Myth #7 It’s Too Early to Receive a Flu Shot

Flu seasons are unpredictable. They can begin early in the fall and last late into the spring. As long as flu season isn’t over, it’s not too late to get vaccinated, even during the winter. Getting a flu vaccine is the best way to protect yourself and your family. The flu vaccine offers protection all season long.

This information was provided by the The Henry Ford Health System.

kevinrileyhome@yahoo.com January 14, 2013 at 02:45 PM
This is not a news article but an advertisement for the pharmaceutical companies.
John McKay (Editor) January 14, 2013 at 04:53 PM
Kevin, you're mistaken. This is not, in any way, an advertisement. It is, however, an information piece submitted by the Henry Ford Health System, as indicated in the post.
Paddy Clark January 16, 2013 at 04:55 PM
As someone who works in healthcare, Kevin, the pharmaceutical companies don't need articles like this to boost sales of a life saving vaccine. However, many uneducated people definitely need to read this, because, unfortunately, to many of them do not get vaccinated and we end up with epidemics on our hands like we have this season. One of my best friends and her family are highly against the flu shot, and what was she just diagnosed with yesterday? The flu. I'll be forwarding this article to her posthaste. Hopefully between my yammering and this article, they'll go get their flu shots.
kevinrileyhome@yahoo.com January 16, 2013 at 09:48 PM
John, I want to say that I think you do a great job with delivering local news for Patch. I believe I was a little harsh in my statement because I was expecting an article that would reflect both sides to the story.
kevinrileyhome@yahoo.com January 16, 2013 at 09:49 PM
Paddy, I respect your opinion on this matter but there are two sides to the story. I am not a doctor nor do I work in the medical field. However, I do have three small children so it was important for me to educate myself on this topic. I am not a conspiracy theorist that believes the flu shots are intended to cause long term illnesses which will require further medical care, thus increasing the profits for the medical field and pharmaceutical companies. I’ve read all those stories and disregard them.
kevinrileyhome@yahoo.com January 16, 2013 at 09:49 PM
I do know that there have been thousands of medications over the years that at one time were deemed safe but were later banned for having dangerous side effects including death. I also know that injections may be tainted, as we have recently seen in the back pain injections that caused meningitis outbreaks and deaths. There are also the known side effects for any vaccination. Attached is what I believe is an unbiased article written by a PhD regarding the ineffectiveness of the flu vaccine. I am not saying no one should receive a flu shot. However, based on the attached and similar articles, along with my personal knowledge & beliefs, it is of my opinion that it is in the best interest of myself and my family to not receive a flu vaccination. Once again, I am not a doctor or chemist, nor do I work in the medical field, and everyone will have to make their own decision. But that decision should be based on their own health situation along with information gathered from both sides of the coin. Hopefully Paddy, you will also send this information to your friend posthaste so she can make an informed decision based on her own health status.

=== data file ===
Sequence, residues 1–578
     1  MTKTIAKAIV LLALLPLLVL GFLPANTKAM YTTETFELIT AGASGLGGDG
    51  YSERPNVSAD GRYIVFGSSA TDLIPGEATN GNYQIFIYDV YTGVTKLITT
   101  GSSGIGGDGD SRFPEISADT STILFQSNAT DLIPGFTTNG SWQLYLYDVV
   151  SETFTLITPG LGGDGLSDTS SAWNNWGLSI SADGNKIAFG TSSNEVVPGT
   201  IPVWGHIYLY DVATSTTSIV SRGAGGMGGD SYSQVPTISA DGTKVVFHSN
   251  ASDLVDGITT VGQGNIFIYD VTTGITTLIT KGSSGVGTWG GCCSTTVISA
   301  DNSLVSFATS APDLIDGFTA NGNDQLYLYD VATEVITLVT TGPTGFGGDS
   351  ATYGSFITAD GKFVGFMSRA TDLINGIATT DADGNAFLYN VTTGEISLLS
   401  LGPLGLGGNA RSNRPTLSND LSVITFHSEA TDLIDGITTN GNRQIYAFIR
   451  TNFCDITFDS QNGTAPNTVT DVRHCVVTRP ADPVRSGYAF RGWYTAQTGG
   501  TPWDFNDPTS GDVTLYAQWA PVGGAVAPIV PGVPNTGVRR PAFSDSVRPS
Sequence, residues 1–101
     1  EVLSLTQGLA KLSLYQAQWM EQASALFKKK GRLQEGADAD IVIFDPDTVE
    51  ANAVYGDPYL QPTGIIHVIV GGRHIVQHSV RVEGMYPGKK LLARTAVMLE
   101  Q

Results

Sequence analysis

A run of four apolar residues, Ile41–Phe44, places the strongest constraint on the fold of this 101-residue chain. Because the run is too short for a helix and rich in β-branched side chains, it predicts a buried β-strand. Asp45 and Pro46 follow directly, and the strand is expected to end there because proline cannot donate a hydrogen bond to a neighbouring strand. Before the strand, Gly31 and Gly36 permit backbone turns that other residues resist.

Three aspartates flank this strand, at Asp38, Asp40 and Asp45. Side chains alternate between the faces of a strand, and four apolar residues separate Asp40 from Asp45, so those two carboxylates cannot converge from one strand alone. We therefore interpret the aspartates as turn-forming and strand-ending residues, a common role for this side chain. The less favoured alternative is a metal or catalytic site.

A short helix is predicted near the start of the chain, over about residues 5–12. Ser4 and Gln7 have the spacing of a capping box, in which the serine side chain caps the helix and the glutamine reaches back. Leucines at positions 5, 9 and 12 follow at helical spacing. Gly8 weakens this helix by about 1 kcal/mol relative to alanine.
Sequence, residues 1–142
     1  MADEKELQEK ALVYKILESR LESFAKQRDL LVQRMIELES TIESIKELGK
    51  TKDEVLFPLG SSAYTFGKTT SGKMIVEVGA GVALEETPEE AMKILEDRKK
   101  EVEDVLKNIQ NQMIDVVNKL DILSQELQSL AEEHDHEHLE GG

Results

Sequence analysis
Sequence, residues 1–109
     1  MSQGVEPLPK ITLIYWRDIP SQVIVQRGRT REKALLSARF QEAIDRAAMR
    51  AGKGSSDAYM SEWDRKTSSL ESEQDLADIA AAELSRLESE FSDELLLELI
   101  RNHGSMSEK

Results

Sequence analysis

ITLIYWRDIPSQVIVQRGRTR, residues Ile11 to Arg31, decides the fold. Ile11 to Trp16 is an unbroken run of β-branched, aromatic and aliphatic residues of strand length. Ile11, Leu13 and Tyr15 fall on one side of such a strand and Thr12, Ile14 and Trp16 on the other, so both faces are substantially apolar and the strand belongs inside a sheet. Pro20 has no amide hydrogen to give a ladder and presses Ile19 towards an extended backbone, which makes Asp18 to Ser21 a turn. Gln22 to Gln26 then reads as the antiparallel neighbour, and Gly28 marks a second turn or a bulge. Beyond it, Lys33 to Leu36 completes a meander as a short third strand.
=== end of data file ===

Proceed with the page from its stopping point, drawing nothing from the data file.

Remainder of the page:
kevinrileyhome@yahoo.com January 16, 2013 at 09:49 PM
John, I will attach the link separately in case you need to delete it because of a Patch policy regarding links to other web pages. Anyone that wants to read it may feel free to email me and I will pass the link on to them.
kevinrileyhome@yahoo.com January 16, 2013 at 09:50 PM
Why the Flu Vaccine doesn't work. Anne Helmenstine PhD http://chemistry.about.com/cs/howthingswork/a/aa011604a.htm


More »
Got a question? Something on your mind? Talk to your community, directly.
Note Article
Just a short thought to get the word out quickly about anything in your neighborhood.
Share something with your neighbors.What's on your mind?What's on your mind?Make an announcement, speak your mind, or sell somethingPost something
See more »